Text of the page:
Navigation Panel: (These buttons explained below)

## The General Situation

We've seen that e is the factor by which a continually-compounding bank account will increase if under simple interest it would have doubled (increased by 100%).

What if the simple interest isn't 100%? In other words, suppose your money wouldn't have doubled under simple interest, but increased by some other factor?

Suppose for instance the simple interest is 200%. Then we can split the time period up into two halves, with the simple interest being 100% for each half (for example, if you earn 200% simple interest per year, you're earning 100% interest for each six-month period).

At the end of the first half and the beginning of the second half, the balance under compound interest will be e times the original balance.

At the end of the second half, the balance under compound interest will be e times the balance at the beginning of the second half. In other words, it will be

e times (e times original amount)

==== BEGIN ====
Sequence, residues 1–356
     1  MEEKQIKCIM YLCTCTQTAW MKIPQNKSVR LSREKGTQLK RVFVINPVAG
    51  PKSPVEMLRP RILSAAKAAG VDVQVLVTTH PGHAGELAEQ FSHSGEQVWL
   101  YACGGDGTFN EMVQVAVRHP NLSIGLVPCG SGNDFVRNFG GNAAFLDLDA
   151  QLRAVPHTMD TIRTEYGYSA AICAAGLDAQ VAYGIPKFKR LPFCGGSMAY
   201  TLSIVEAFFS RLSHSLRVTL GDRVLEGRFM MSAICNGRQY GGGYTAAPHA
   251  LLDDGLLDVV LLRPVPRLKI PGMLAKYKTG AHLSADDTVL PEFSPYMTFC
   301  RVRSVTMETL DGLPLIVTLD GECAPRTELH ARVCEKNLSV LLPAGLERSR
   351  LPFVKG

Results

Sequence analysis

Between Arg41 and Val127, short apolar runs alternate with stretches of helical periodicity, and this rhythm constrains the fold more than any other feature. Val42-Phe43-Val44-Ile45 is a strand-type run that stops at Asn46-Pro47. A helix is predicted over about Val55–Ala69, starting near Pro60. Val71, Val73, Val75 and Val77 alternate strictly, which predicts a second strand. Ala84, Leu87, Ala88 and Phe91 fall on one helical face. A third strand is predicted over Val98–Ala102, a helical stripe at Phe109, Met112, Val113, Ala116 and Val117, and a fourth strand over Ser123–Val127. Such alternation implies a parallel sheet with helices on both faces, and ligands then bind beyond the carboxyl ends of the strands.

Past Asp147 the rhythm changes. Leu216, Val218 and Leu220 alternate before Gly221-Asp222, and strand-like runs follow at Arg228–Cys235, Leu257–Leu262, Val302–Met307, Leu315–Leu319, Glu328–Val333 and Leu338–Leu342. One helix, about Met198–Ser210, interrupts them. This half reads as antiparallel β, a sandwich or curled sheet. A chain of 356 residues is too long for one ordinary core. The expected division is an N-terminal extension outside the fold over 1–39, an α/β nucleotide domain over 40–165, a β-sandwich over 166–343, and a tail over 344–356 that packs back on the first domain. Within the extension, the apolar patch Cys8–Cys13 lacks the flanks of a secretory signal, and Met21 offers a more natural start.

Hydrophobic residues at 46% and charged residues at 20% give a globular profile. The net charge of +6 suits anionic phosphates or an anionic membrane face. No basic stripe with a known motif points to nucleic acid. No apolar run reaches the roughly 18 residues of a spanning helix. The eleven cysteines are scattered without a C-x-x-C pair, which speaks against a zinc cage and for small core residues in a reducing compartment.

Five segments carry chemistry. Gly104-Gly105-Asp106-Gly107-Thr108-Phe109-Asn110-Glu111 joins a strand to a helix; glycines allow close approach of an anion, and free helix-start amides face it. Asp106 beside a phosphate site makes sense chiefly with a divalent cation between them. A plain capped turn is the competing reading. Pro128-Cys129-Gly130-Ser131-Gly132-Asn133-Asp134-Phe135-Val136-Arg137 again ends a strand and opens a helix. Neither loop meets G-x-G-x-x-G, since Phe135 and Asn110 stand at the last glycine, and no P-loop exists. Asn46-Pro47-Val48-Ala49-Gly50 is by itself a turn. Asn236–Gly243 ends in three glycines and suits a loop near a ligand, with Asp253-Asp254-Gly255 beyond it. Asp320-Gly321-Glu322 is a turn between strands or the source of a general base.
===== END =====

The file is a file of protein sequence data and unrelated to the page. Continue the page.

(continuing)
which is times the original amount. So, if the simple interest earned is 200% (2 times original amount), the final balance under compound interest is times the original amount.

This turns out to be true in general. If the simple interest earned is R times the original balance, then the final balance under compound interest is times the original balance.

This is one of the reasons why exponentials of the form occur more frequently in practice than do exponentials with other bases such as , and why one usually uses exponentials and logarithms base e rather than base 10 or any other base. (The other, more important, reason has to do with the special role that base e exponentials play in calculus).

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